Pallavi Anderson

data-driven and context-aware

Realtime Maps With Meteor and Leaflet - Part One

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this ‘map’ is actually a static image

The parties example bundled with Meteor is a nifty demonstration of the framework’s core principles, but it uses a 500 x 500 pixel image of downtown San Francisco as a faux map. This means that we cannot pan or zoom the “map,” and when we double-click the image to create new parties, the circle markers are drawn at the position of the clicks in relation to the image element in the browser window, and not at geospatial coordinates.

circles drawn over the static image

I decided to update the example to use Leaflet.js to make a real map that looked and felt as close to the original example as possible. In particular, I wanted to preserve the color-coded circles (red for private, blue for public parties) labeled with the number of RSVPs, and the larger animated circle indicating which party is currently selected, with its details displayed in a section outside the map. This is a useful pattern for displaying individual marker details without using a popup that occludes part of the map.

Here is the end result with source code. In the next two posts, I will go over the changes I made to the original example. I won’t be covering how Meteor works, and will assume you have some understanding of how the parties example works as well.

Setting the Stage

First off, I created the example and added leaflet to the project using Meteorite.

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$ meteor create --example parties

$ cd parties

$ mrt add leaflet
leaflet: Leaflet.js, mobile-friendly interactive maps....

I then edited the page template to use Bootstrap’s fluid classes to generate a responsive page layout and added a window.resize() handler to adjust the map’s size as the browser is resized. I use this pattern when creating responsive Leaflet maps, and it’s not specific to Meteor.

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<div class="container-fluid">
  <div class="row-fluid">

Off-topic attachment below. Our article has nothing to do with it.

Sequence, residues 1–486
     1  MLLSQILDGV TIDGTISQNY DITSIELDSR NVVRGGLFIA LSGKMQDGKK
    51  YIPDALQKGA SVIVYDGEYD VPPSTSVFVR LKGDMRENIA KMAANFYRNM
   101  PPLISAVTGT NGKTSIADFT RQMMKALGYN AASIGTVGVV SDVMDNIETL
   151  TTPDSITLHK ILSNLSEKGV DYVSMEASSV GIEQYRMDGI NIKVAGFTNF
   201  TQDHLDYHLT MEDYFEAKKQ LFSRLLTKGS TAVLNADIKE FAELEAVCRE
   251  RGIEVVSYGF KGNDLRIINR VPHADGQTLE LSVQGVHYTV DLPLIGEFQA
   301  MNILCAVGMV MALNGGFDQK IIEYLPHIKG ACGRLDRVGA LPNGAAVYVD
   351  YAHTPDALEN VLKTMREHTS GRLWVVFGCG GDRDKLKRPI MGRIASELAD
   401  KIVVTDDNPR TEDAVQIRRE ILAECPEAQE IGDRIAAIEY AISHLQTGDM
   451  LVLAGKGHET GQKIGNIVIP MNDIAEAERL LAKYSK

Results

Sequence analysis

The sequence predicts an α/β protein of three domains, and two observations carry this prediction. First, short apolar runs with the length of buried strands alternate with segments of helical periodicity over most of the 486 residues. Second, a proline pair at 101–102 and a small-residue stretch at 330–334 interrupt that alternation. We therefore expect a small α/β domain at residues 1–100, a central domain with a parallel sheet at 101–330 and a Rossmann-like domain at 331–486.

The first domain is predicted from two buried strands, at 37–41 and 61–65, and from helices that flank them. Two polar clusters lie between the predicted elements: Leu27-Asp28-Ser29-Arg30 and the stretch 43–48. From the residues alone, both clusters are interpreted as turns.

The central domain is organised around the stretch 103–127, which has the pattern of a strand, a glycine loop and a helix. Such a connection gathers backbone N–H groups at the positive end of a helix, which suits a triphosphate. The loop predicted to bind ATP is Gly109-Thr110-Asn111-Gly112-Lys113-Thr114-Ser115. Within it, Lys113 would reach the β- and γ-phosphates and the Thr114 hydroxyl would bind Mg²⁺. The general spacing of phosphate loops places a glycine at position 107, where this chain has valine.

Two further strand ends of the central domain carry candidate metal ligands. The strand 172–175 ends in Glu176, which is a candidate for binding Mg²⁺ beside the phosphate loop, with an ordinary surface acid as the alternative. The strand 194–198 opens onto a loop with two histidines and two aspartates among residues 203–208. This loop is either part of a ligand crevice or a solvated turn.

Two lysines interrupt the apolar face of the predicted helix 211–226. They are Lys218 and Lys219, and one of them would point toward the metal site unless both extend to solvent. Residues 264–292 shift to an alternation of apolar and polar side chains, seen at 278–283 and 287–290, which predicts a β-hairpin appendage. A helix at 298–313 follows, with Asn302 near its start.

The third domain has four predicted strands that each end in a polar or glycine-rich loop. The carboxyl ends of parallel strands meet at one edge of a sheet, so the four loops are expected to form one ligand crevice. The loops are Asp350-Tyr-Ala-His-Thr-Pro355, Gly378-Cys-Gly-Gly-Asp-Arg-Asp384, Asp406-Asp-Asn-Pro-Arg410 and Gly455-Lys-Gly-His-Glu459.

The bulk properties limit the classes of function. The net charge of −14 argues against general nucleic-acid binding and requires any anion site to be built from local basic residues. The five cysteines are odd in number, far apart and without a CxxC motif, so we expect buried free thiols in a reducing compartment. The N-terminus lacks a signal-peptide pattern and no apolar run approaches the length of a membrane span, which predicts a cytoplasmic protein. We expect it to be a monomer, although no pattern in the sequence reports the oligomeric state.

<div class="span4">
      {{> details}}
      {{#if currentUser}}
      <div class="pagination-centered">
        <em><small>Double click the map to post a party!</small></em>
      </div>
      {{/if}}
    </div>
    <div class="span8">
        {{> map}}
    </div>
  </div>
</div>
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$(window).resize(function () {
  var h = $(window).height(), offsetTop = 90; // Calculate the top offset
  $mc = $('#map_canvas');
  $mc.css('height', (h - offsetTop));
}).resize();

Map Initialization

Stamen Design’s toner themed map tiles make a nice replacement for the black & white map image in the example. I disabled double-click and touch zoom when initializing the map since those actions are how users create new parties, and I increased tile opacity to lighten the overall background and improve the visibility of markers on the map. Leaflet initialization code goes into the map template’s rendered() callback.

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map = L.map($('#map_canvas'), {
  doubleClickZoom: false,
  touchZoom: false
}).setView(new L.LatLng(41.8781136, -87.66677956445312), 13);

L.tileLayer('http://{s}.tile.stamen.com/toner/{z}/{x}/{y}.png', {opacity: .5}).addTo(map);

The next significant change was to replace the map template’s event handler from the original example with Leaflet’s "dblclick" event handler to manage the creation of new parties. The Leaflet version conveniently returns a LatLng which I saved to a Session variable before triggering createDialog. The mechanism to trigger dialogs by setting the associated Session variables Session.showCreateDialog and Session.showInviteDialog is unchanged from the original example, and it works because Meteor Session variables are reactive.

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map.on("dblclick", function(e) {
  if (! Meteor.userId()) // must be logged in to create parties
    return;

  Session.set("createCoords", e.latlng);
  Session.set("showCreateDialog", true);
});
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<template name="page">